I recommend operating first on the eye for which surgery has the best chance to improve the patient's overall vision. It could be the dominant eye or the worse-seeing eye. Of course, IOL calculations should be as accurate as possible. Surgeons should measure keratometry before instilling any drops and after the eye has stabilized from contact lens wear. I suggest using the IOLMaster (Carl Zeiss Meditec, Inc., Dublin, CA) or immersion A-scans and making sure that the readings correlate with the patient's oldest refractions. I use the SRK-T formula for eyes with axial lengths over 22 mm and the Holladay formula for eyes with axial lengths of less than 22 mm plus keratometry readings outside of 42.00 to 47.00 D. I still aim for a small degree of monovision, between -0.25 and -0.50 D, in most cases.

My surgical technique with the Crystalens HD is essentially the same as my standard cataract technique. Certainly, implanting this accommodating lens is no harder and takes no longer than placing a spherical monofocal lens. As with all cataract surgery, it is important to construct a watertight incision. I make a near-clear corneal incision with a tunnel that is 3 mm wide and at least 3 mm long. I make sure that the stab incision is also a long tunnel and watertight. I create a round capsulorhexis of at least 6 mm, although this diameter is fairly forgiving. I want the haptics covered by the capsule but the capsule off the optic. As with all my cataract cases, I try to clean the capsule of all residual cortex.

Perhaps my top surgical pearl is to ensure that the lens vaults posteriorly and stays that way. I rotate the IOL vertically after its temporal implantation (I use an inserter). I rock the lens to make sure its haptics are positioned in the equator of the capsular bag and the optic is posteriorly positioned. At the end of the case, I check the main incision as well as the paracentesis to ensure that they are watertight. Hydroinflation and/or a suture may be used as necessary. I, and most users of the Crystalens HD I know, do not use drugs to dilate or constrict the pupil.

I encourage patients to read at all distances after surgery. I instruct them to use steroids and an NSAID for 6 to 8 weeks after surgery. I do not prescribe postoperative atropine. I tend to treat clouded posterior capsules with the YAG laser a bit earlier after premium lens surgery than standard cataract surgery. It is best to delay any enhancement procedure until after the YAG procedure, however, so that the lens is in its final position for the best final refractive result. I keep the capsular opening within the diameter of the optic to prevent vitreous from coming forward around the lens.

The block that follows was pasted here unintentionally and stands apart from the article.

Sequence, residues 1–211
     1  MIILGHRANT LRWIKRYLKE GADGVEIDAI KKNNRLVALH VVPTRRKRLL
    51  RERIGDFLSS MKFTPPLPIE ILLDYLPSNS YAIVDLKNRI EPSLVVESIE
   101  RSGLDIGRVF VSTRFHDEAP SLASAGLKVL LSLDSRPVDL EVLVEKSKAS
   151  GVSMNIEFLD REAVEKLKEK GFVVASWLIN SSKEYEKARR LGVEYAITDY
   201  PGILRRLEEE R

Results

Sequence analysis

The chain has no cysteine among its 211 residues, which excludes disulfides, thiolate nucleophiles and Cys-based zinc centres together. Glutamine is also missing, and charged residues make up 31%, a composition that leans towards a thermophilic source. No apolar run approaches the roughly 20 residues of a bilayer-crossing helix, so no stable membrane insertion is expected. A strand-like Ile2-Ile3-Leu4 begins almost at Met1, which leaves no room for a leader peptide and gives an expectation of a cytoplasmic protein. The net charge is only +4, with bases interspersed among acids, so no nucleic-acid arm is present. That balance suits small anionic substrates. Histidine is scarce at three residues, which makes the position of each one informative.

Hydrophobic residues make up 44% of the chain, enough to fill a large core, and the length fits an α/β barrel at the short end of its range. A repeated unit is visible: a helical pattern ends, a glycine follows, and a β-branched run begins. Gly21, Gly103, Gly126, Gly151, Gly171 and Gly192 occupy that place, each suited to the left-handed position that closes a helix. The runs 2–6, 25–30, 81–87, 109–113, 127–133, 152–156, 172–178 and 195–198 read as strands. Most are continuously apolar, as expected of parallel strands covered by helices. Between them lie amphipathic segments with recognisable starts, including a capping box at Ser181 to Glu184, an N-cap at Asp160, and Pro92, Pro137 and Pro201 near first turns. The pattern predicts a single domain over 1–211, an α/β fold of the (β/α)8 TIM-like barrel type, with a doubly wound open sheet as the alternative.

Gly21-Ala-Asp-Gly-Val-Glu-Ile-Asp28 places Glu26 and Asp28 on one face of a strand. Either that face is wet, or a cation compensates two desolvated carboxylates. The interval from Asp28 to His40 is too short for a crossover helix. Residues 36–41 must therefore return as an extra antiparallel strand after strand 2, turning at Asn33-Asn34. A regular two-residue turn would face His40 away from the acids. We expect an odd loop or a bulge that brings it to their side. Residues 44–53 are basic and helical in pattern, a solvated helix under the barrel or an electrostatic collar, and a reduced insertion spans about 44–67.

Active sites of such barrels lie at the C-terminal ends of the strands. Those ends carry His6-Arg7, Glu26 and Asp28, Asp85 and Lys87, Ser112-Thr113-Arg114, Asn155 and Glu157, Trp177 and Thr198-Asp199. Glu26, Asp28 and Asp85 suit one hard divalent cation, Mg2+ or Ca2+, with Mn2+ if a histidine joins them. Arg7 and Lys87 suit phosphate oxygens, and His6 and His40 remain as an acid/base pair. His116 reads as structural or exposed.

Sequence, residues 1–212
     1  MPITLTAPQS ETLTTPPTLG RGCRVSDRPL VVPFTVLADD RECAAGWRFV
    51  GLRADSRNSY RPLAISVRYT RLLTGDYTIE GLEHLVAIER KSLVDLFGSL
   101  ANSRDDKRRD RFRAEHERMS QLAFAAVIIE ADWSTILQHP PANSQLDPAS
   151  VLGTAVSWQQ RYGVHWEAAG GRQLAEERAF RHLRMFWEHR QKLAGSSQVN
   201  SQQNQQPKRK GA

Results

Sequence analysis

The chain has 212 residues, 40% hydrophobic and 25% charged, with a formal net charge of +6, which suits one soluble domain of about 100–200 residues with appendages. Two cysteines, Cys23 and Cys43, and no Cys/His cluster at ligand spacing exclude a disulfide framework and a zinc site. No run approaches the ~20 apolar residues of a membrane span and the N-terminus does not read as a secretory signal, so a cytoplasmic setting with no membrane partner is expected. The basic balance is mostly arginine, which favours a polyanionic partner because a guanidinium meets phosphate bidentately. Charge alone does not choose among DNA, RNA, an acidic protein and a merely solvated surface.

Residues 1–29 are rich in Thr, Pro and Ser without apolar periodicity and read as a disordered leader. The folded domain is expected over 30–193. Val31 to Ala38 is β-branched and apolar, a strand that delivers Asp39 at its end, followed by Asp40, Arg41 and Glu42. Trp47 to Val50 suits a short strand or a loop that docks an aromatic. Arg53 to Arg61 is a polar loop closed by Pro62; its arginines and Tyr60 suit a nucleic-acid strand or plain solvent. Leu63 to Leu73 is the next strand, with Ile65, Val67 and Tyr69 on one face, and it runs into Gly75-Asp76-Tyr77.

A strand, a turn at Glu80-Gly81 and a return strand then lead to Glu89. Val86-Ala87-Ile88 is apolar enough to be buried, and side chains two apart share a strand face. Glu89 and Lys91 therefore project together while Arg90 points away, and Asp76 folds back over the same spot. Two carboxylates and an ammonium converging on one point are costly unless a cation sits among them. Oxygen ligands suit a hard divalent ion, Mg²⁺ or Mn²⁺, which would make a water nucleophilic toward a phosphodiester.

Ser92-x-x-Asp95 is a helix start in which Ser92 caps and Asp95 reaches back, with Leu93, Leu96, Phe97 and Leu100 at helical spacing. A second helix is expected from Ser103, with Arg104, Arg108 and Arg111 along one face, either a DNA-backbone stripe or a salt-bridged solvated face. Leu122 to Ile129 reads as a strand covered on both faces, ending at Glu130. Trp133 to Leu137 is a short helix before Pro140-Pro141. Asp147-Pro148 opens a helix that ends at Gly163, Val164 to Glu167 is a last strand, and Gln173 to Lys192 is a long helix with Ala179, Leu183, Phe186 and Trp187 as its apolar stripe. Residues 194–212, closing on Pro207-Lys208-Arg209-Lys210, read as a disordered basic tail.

In my experience, patients who receive premium IOLs are less tolerant of a decrease in vision after surgery than those who receive standard spherical lenses. I therefore aggressively investigate any decrease in acuity with retinal examinations and optical coherence tomography, if needed. I make sure the ocular surface is optimal, and I am more aggressive in treating residual refractive errors. I rely much more on LASIK or PRK than incisional refractive surgery with my cataract patients. If needed, I will show patients the paper indicating their preoperative use of readers and their preoperative near card, and I will compare them with their current results. This demonstration is helpful, because patients are typically quite impressed with their improvement. Finally, surgeons should congratulate their patients; they had a lot to do with their results and certainly had a lot on the line.

I often wonder why ophthalmologists implant so few premium IOLs. I do not think the obstacle is resistance to pricing from patients. Although they must weigh value versus cost, patients only get one chance to have a premium lens implanted at the time of cataract surgery—not the situation with refractive surgery. I think the issue is surgeons do not feel confident that they can deliver the results patients want. I believe improved technology like the Crystalens HD and future technical enhancements such as cataract removal with a femtosecond laser will change this situation.